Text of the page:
One was Democrat Harrison “Pete” Williams, who served from 1959 until 1982…when he was sent to federal prison for four years after being convicted of taking bribes in the Abscam scandal.

    The other senator was Clifford Case, who served from 1955 to 1979.  He proudly was known as a liberal, not moderate, Republican.  He was the last Republican senator elected from New Jersey.

    My congressman was Peter Frelinghuysen, Jr., a Republican who served from 1952 to 1975.  (There wasn’t much turnover in New Jersey’s congressional delegation in those days.)  Amazingly, Frelinghuysen is still alive at age 92 now.  

    I’ve lived in five states — NJ, Missouri, Washington, Texas, and Colorado, as well as the country of Mexico — so my political philosophy has been shaped by many factors from a variety of places.

    I do hold many conservative views: pro-life, pro 2nd amendment, pro-vouchers, opposed to illegal immigration, and supporting a partial privitization of Social Security.  But I have always considered myself a Republican first and a conservative second.  I’m a big believer of the late Lee Atwater’s “Big Tent” theory.  Ronald Reagan and Hank Brown are my political heroes.  I think Douglas Bruce and Dick Wadhams are an embarrassment to the party.

    If you are going to be effective in politics, you need to choose one of the political parties, stick with it, and work within it.  I have a lot more respect for Democrats than I do for “Independents.”

    • parsingreality says:

      Yes, parties can be good or corrupt in various geographies and points in time.

      But overall, working persons have benefited most under Democratic regimes than Republican.  You are smart enough to know the various laws that have been passed since 1932 to help the common man; I won’t point out.

      RR started the destruction of the New Deal philosphies and the middle class.

      Regardless, I do like your sig line…

      • DrewKerin says:

        Democrats, particularly under FDR and LBJ, did establish a lot of the social nets we benefit from today.  But Democrats also want to gather as much of the people’s money (taxes) as they can, then dole it out in ways their style of government deem appropriate.  I don’t like that.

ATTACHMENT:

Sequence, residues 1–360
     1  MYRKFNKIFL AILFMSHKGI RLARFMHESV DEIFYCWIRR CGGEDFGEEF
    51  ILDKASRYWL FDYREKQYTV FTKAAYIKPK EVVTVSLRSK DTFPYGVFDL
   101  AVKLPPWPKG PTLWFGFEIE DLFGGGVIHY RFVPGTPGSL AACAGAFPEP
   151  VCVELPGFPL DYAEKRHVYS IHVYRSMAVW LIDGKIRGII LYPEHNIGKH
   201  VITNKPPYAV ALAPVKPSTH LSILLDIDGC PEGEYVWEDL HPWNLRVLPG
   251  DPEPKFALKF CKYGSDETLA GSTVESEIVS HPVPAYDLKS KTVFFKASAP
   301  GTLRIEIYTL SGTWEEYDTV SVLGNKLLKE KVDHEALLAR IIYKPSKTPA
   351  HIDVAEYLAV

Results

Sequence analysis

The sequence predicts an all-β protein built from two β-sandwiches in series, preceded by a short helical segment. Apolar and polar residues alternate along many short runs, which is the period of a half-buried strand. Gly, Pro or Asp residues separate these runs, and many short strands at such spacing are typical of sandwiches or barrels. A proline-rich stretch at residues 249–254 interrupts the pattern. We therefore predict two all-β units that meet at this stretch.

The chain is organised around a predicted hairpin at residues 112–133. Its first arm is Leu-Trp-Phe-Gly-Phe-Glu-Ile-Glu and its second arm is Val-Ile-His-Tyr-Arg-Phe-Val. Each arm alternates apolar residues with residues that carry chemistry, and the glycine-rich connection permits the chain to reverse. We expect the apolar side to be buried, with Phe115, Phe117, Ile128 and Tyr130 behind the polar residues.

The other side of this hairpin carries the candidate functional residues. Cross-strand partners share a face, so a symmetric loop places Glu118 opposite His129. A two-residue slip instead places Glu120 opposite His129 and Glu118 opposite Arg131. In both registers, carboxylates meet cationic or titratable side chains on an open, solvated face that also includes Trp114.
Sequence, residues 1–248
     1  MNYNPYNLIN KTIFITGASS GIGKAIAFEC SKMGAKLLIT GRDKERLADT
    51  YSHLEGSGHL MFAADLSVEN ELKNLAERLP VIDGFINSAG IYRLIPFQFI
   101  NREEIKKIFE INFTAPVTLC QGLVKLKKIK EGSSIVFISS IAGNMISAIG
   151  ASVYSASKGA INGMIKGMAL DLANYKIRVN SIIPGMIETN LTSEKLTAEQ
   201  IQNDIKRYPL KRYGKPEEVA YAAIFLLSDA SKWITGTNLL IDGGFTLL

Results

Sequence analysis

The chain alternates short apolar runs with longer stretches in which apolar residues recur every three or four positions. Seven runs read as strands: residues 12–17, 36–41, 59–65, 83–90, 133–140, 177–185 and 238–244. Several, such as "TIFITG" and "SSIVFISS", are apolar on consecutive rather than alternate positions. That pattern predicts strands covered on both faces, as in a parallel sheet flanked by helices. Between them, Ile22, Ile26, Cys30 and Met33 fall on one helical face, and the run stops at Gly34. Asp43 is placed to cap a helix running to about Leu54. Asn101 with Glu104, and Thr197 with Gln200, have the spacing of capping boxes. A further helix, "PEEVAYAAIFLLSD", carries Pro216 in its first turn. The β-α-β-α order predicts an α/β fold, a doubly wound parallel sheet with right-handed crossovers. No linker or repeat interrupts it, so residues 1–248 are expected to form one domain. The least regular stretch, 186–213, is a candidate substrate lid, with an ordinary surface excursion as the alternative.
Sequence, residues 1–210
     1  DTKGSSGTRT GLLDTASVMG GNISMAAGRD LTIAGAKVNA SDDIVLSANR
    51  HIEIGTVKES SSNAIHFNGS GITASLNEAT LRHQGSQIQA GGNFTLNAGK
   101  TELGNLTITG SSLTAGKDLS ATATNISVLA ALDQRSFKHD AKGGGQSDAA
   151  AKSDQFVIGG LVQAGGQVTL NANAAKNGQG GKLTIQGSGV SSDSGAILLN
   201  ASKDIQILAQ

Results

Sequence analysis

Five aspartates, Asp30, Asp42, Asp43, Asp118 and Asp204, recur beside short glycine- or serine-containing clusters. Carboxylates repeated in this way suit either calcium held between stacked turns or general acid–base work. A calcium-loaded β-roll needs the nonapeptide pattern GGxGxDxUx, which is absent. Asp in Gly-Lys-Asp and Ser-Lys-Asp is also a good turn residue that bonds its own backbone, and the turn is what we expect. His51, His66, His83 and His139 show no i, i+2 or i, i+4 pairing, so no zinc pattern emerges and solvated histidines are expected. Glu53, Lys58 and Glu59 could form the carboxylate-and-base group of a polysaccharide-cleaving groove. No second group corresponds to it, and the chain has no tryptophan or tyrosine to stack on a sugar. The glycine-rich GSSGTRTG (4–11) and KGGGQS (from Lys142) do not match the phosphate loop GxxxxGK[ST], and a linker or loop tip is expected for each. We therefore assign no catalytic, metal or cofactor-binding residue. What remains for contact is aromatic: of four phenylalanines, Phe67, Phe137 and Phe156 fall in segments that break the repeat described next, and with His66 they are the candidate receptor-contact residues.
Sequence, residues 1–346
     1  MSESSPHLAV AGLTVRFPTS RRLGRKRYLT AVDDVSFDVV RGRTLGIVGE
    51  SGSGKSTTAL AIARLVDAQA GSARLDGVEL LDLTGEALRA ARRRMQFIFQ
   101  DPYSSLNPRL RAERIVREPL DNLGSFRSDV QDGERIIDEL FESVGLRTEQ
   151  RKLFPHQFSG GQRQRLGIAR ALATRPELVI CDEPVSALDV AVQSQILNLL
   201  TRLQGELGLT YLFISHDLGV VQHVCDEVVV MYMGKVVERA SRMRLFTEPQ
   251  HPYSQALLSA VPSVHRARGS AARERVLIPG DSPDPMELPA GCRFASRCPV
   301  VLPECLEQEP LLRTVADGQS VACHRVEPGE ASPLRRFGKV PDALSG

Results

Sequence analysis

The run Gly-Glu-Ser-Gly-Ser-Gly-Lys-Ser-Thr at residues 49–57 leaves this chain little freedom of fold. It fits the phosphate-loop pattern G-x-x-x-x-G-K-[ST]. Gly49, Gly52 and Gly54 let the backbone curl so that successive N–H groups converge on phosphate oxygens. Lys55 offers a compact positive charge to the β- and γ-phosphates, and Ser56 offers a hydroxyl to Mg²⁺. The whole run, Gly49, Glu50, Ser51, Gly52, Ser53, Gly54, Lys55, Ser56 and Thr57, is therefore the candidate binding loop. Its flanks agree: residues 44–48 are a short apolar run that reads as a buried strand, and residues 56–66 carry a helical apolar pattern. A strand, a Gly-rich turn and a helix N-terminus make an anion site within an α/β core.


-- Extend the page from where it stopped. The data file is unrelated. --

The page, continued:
School vouchers are a good example.  The argument becomes we can’t use government money to potentially support religious based schools.  But the government money was the people’s money before the government took it in as taxes.  The government rarely generates any money on its own.  It takes it away from people and businesses, then has the audacity to say it is government money.

        Governments that collect money, then provide all the services to the people make me very nervous.  It makes the people dependent on the government, and that is never good.

        • parsingreality says:

          I know that “independence” is a great American ideology, but I prefer emperical evidence and experience.

          The people living in Scandinavia don’t seem to suffer from any particular character defects from their “nanny states.”  In fact, they “suffer” from caring about one another, if anything.  

          After the disasters of their socialistic economy experiments, they seem to have found a very effective road to travel.  Their economies are booming.

          And no one worries about health insurance…

          • DrewKerin says:

            According to the World Health Organization, the rate of suicides, per 100,000, is higher in Finland (38.7 Male, 10.7 Female), in Denmark (24.3 M, 9.8 F), and in Sweden (20.0 M, 8.5 F) than it is in the United States (19.3 M, 4.4 F).  Norway is ranked right behind the USA at (19.1 M, 6.2 F).

            Maybe “nanny states” are not conducive to one’s mental health outlook after all.  

            • parsingreality says:

              but offer the thought that Scandinavia may be more accurate in reporting than here.  After all, our unemployment rate always looks better than theirs, but we don’t report in the same manner in order to cook our domestic books.

              Your rates are also counter to some research that’s been done in Australia and in the US.  Suicide rates go up as more conservative governments come into power.  

              • DrewKerin says:


                It would seem more repressive governments lead to a higher suicide rate.

                • Mr. Toodles says:

                  And doesnt match up with what WHO has on their website (I checked the US and Finland only). The rate is roughly the same, but they have different years for different countries. Maybe I am picking nits here, but the fathers for life source just doesnt inspire a lot of confidence.

                  • DrewKerin says: